Three things drew me to it. 1) It was under $5, 2) The cover has a cat drunk on whiskey on it, 3) I had just read Love Among the Chickens by Wodehouse, which was my first encounter with him, and found him hilarious. Given this trifecta, I couldn’t resist. I’m glad I didn’t, as this short story collection didn’t disappoint.Don’t worry about this being the third in a series. The only connection among the short stories is the main characters are all a Mulliner (or married to one). It was [...]
Reading Wodehouse on public transport inevitably leads to multiple stares being concentrated on one's person as one tries and fails miserably to keep spurts of laughter at bay. When Lancelot Mulliner's uncle, the Bishop of Bongo-Bongo, entrusts him with his cat Webster (as austere in personality as the Bishop) by means of a letter, he writes:"His advent, indeed, I venture to hope, will be a turning-point in your life. Thrown, as you must be, incessantly among loose and immoral Bohemians, you wil [...]
Here’s a book that glitters. It sparkles with humour and the quality of writing and the pure pleasure that comes across in the telling of this collection of tales.Mulliner hangs about in The Angler’s Rest chewing the fat, only there is no fat in the book, rather it’s all lean meat.Whatever the subject, Mulliner can relate a tale of one of his relatives who has experienced something similar.There are common threads that possibly relate to the gene pool: the wooing of a ladies, sturdy butler [...]
In the bar-parlour of the Angler’s Rest the efficient barmaid Miss Postlewaite was asking if the reading public had had enough of the Mulliner family after ‘Meet Mr Mulliner’ and ‘Mr Mulliner Speaking’. A Gin and Tonic ventured that ‘it would be criminal if the story of Webster the cat and his influence over young Edward Mulliner was not brought to the public attention’, ‘Surely the tale of Sacheverell Mulliner and his phobia of Headmasters should be committed to the printed medi [...]
After reading three books from Stephen Fry and daily blog posts from That Kind of Girl whose writing is very much inspired by the inimitable Wodehouse, it was time to test the waters.The trouble with Wodehouse is picking a title. With a career that spanned 70 years and produced close to 100 published novels and short story collections, it's difficult to know where to begin. My choice was made for me, however, as I came across a copy of Mulliner Nights for the princely sum of £2 tucked away on a [...]
This book is a simple, light and amusing read. Mr. Mulliner, here, is seen narrating the stories of his related mulliners (cousin, nephew, sister, uncle, etc) and their adventures. Its a collection of short stories, each based on a new protagonist, who, himself/herself is a mulliner. All of the stories involves different ways in which the the main character of the story, wins back his love. Almost every story start with a well set plan to be undertaken by the central character to work things out [...]
PWG in top form, including a pair of stories about Webster, a black cat with a vicarish mien until he discovers a taste for whiskey and turns full on bohemian. Webster's natural enemy is a tabby named Percy: "Orange of body and inky black of soul, he lay stretched out on the rug, exuding arrogance and hate… One could picture him stealing milk from a sick tabby."Wodehouse delivers the goods early and often:"The Lady Bishopess pursed her lips, displeased. She was a woman of ample and majestic bu [...]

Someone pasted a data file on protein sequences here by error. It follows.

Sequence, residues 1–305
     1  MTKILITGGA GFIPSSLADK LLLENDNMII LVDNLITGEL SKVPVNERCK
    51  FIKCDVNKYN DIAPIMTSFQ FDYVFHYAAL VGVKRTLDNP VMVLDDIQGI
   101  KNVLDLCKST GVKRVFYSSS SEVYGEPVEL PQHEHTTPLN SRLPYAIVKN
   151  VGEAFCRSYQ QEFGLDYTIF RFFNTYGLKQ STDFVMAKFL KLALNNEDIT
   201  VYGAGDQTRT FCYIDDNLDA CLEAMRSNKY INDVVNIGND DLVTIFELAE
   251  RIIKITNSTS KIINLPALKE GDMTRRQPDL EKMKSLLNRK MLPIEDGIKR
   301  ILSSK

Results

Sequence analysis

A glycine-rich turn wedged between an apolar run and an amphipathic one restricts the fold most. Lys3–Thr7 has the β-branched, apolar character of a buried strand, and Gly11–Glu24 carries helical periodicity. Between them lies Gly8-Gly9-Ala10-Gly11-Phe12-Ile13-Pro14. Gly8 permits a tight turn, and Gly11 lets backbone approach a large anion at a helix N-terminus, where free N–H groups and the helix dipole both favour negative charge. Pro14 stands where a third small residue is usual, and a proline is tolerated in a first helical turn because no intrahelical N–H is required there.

Right-ho! At first, I was pretty disappointed when I realized that P.G. Wodehouse had written a book that was not about the inimitable Jeeves and Bertie Wooster, and that I was reading it. That lasted for about a page until a wave of good cheer came over me. Mulliner Nights is a series of stories told by a loquacious regular at the Angler's Rest by the name of Mulliner. There are no recurring characters between stories, although the theme of matrimonial difficulty between young lovers permeates [...]
I've heard before that P.G Wodehouse is funny, but it wasn't until half a story and a few laughs into the book when I realized just how funny. As anyone could expect when reading a book of short stories, there were some I liked more than others, but each one had an aspect I very much enjoyed. Sometimes it was the situations Wodehouse created and other times it was his delivery and clever use of vocabulary which captured my attention. Also for someone who likes cats, I was very happy to read two [...]
This collection of short stories, the third featuring Mr. Mulliner, is from 1933. It is very rewarding, and filled with many, many inventive phrases and jokes which remain fresh. There are no disappoinments in this volume, except perhaps the final short story, "Gala Night", which I could not really get into. It's possible that, by the time I reached "Gala Night", I was fatigued by the previous stories. Sometimes it's useful to take a break from Wodehouse, so that when you return to it, the livel [...]
Another lovely Wodehouse. This one is a collection of short stories told by Mr. Mulliner, as he sits in a little British pub, entertaining the patrons there. All the stories have to do with another Mulliner, an uncle, cousin, or whoever. Some of the stories I really loved and others not as much, but it was a great book.I'm kind of on a short story kick. I may never read a novel again. Short stories are just so gratifying. You can start and finish several in one night, and for me, it's a rare tre [...]
Very easy read. Separate chapters about Mulliner family members in amusing situations, I love the names given to characters in the Anglers' Rest based on their drinks: Pint of Stout, Whisky Sour, Pint of Bitter, Small Bass, Whisky and Splash, music-loving Stout and Mild, a grizzled Tankard of Stout, Stout and Bitter, Lemonade and Angostura, Draught Stout, a genial Sherry and Bitters, and finally the Sage of the bar-parlour. Usually stories about trying to woo and marry a lady without having any [...]